Three and a half years ago, Bill James wrote about the arrogance of people thinking major league teams had all the answers. Asked in September 2016 whether he thought big league clubs would allow Shohei Ohtani to both hit and pitch, he answered “Why wouldn’t they?

“You should be TOTALLY willing to say ‘We are going to accommodate this guy’s skills’ rather than ‘That’s not how we do things in the majors,'” he wrote on Sept. 9, 2016 in Bill James Online.

“When the Red Sox had Byung Hyun Kim, more than ten years ago, he had his own ways of doing things. He wanted to throw, and throw hard, every day, and he loved to do training…in Ft. Myers you would see him out running hard on the streets all hours of the day.”

“Our staff…kept trying to force him to do things the way we do them in the U.S.–and it didn’t work, at all. And then, when we had Daisuke Matsuzaka, we made exactly the same mistake: We kept trying to force him to do things OUR way, and it just didn’t work for him. KNOCK IT OFF. This is his way. Get used to it. None of us are that smart, that we have all of the answers.”

Ok, so Bill has since joined the Ohtani doubters, and there are lots of reasons to suppose being a two-way player might be counterproductive. But believing that also supposes you know more about what’s best for Shohei Ohtani than he does.

The final shoe drops: Akiyama signs with Cincinnati Reds

Shogo Akiyama signed a three-year $21-million contract with the Cincinnati Reds on Monday, making him the first Japanese player to grace the club’s 40-man roster.

Akiyama was one of four NPB regulars hoping to move to the majors and the last one to lock up a deal with an MLB club. Left fielder Yoshitomo Tsutsugo signed with the Tampa Bay Rays, while right-handed pitcher Shun Yamaguchi this past week hooked up with the Toronto Blue Jays. Second baseman Ryosuke Kikuchi returned to the Hiroshima Carp on a four-year extension after failing to get a guaranteed contract in the States.

The 31-year-old Seibu Lions captain, leadoff man and center fielder becomes the 16th pure position player to attempt to transition to the major leagues — not counting two-way star Shohei Ohtani.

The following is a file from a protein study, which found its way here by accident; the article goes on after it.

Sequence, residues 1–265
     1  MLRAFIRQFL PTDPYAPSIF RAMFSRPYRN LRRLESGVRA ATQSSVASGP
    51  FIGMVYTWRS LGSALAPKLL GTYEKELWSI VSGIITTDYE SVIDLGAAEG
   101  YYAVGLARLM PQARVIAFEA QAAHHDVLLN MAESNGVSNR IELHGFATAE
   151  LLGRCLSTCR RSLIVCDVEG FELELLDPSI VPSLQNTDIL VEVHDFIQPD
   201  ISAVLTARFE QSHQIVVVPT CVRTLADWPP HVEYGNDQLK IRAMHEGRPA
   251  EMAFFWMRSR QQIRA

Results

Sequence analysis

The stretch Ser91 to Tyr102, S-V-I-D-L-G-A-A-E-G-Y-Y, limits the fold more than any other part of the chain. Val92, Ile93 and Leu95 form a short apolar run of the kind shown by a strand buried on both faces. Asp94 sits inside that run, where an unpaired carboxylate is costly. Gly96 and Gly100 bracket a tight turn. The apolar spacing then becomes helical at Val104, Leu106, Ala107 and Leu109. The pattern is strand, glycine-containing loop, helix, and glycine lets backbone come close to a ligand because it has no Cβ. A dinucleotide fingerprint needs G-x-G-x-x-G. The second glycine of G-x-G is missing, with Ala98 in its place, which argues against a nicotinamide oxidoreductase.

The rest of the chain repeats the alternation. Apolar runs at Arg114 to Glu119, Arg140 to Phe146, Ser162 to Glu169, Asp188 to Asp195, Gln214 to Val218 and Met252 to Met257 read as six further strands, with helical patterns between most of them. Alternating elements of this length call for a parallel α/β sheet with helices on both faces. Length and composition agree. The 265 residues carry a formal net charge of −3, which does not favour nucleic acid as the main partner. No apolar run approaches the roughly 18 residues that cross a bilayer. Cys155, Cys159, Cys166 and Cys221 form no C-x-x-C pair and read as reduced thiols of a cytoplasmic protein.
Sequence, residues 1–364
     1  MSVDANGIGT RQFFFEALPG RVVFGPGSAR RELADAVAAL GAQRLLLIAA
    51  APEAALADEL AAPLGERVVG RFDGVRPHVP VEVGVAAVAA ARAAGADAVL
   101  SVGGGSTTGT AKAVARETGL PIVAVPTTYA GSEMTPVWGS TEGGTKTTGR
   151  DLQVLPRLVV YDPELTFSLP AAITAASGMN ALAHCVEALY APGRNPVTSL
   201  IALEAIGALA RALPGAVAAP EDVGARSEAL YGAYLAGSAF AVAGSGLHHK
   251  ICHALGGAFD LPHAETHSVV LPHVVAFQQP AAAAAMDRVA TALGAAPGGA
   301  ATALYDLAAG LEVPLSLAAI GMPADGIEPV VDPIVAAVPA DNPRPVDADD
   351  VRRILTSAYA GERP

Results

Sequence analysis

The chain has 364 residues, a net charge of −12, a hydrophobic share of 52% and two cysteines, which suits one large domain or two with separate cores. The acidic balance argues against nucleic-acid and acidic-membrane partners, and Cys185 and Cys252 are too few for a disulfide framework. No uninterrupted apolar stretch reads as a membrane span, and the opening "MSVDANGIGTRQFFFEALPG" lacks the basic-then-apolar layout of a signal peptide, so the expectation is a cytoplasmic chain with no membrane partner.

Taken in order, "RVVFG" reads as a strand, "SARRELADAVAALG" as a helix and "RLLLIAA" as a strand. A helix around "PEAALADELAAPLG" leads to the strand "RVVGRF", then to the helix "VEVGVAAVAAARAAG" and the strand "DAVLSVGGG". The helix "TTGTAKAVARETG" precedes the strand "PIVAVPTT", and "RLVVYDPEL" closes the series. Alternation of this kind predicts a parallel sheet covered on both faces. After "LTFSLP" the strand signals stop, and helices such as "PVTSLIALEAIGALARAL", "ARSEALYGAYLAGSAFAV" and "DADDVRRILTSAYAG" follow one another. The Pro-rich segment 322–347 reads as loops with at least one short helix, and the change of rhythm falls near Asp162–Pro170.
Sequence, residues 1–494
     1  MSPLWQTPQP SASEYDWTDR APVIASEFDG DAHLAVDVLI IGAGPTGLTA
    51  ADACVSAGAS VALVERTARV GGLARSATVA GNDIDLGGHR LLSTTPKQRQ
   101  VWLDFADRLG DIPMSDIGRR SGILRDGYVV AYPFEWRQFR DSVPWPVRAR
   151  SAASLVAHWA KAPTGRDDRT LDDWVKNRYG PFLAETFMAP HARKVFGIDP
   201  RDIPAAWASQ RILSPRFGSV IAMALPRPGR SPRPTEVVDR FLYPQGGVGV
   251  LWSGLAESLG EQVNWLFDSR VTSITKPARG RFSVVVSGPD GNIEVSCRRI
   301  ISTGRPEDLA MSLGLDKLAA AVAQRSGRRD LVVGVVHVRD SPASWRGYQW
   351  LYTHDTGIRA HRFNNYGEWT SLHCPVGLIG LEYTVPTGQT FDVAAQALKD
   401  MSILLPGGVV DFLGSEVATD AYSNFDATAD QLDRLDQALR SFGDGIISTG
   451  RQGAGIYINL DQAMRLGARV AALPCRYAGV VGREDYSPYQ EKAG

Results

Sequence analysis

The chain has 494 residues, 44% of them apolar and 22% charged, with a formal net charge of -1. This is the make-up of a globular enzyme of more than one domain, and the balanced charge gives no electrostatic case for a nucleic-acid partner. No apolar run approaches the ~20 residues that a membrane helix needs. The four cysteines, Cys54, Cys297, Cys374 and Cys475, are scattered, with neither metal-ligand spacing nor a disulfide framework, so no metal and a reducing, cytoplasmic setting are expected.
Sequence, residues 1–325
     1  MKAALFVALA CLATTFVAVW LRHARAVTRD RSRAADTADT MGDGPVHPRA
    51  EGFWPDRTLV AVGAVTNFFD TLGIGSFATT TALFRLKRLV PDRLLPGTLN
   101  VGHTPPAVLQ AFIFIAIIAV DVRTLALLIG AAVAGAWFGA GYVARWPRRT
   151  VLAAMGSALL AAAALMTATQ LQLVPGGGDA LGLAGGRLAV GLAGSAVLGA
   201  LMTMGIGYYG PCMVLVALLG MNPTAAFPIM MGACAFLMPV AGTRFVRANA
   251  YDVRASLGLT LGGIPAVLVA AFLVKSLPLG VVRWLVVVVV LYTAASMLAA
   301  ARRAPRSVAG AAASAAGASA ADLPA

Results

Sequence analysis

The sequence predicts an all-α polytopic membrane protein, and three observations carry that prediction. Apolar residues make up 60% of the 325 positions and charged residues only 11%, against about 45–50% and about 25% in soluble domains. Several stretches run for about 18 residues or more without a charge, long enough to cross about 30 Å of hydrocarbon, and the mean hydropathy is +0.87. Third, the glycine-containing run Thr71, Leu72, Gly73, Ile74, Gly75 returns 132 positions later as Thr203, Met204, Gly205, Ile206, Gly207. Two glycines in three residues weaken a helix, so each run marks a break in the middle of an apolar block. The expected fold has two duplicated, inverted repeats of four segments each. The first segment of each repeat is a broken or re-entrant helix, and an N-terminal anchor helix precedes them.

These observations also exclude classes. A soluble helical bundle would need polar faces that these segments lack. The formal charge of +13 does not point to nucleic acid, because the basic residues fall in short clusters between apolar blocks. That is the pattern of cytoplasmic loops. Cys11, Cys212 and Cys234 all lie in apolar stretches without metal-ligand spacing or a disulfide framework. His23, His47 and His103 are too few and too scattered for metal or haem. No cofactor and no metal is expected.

His deal is tied for the second richest by an NPB position player. Outfielder Hideki Matsui and shortstop Kazuo Matsui each signed for the same length and amount in 2003 and 2004, respectively.

My profile of Akiyama is HERE.

Akiyama, who set Japan’s single-season hit record in 2013, has moderate power to all fields, excellent plate coverage and above-average speed. With the exception of Ohtani, he and the Tampa Bay Rays’ Yoshitomo Tsutsugo are the first Japanese position players to sign with a major league club since middle infielders Hiroyuki Nakajima and Kensuke Tanaka joined the A’s and Giants, respectively, in 2013.

Position players moving from NPB to majors

The table below lists all the pure position players who have signed with MLB teams after playing in NPB. The positions given are for where they played in Japan.

NameYearPosAgeYearsMillions
Ichiro Suzuki2001RF27314
Tsuyoshi Shinjo2001CF2910.5
So Taguchi2002LF3333
Hideki Matsui2003CF29321
Kazuo Matsui2004SS28321
Norihiro Nakamura20053B311minor
Kenji Jojima2006C30316.5
Tadahito Iguchi20062B3024.95
Akinori Iwamura20073B2837.7
Kosuke Fukudome2008RF30448
Tsuyoshi Nishioka2011SS2639
Norichika Aoki2012CF3022.25
Munenori Kawasaki2012SS310minor
Hiroyuki Nakajima2013SS3026.5
Kensuke Tanaka20132B320minor
Yoshitomo Tsutsugo2020LF28212
Shogo Akiyama2020CF31321

Akiyama going to Reds

The Nikkan Sports has reported early Tuesday morning in Japan that outfielder Shogo Akiyama has reached an agreement on a three-year contract worth in excess of $15 million, citing a source.

The 31-year-old center fielder and leadoff man is easily the most balanced all-around hitter in Japan see my profile of him HERE. He is expected to take a physical with the Reds in the coming days. In addition to the Reds, the San Diego Padres, Tampa Bay Rays, Toronto Blue Jays, Arizona Diamondbacks and Chicago Cubs were all reportedly interested in NPB’s single-season hit record holder.